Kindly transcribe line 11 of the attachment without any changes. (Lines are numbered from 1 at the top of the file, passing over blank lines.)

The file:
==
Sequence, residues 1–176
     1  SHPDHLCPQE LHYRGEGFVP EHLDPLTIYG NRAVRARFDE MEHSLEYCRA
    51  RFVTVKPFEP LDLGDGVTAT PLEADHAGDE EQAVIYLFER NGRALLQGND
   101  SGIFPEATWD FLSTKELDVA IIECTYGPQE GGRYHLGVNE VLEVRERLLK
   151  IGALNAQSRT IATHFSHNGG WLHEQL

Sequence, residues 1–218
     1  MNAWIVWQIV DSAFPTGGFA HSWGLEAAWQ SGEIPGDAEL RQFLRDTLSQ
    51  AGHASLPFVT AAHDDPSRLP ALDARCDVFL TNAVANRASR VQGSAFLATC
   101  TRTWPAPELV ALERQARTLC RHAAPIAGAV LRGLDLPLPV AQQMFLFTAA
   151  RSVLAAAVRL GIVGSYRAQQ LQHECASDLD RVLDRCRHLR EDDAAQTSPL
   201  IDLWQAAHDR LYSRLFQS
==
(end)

   201  IDLWQAAHDR LYSRLFQS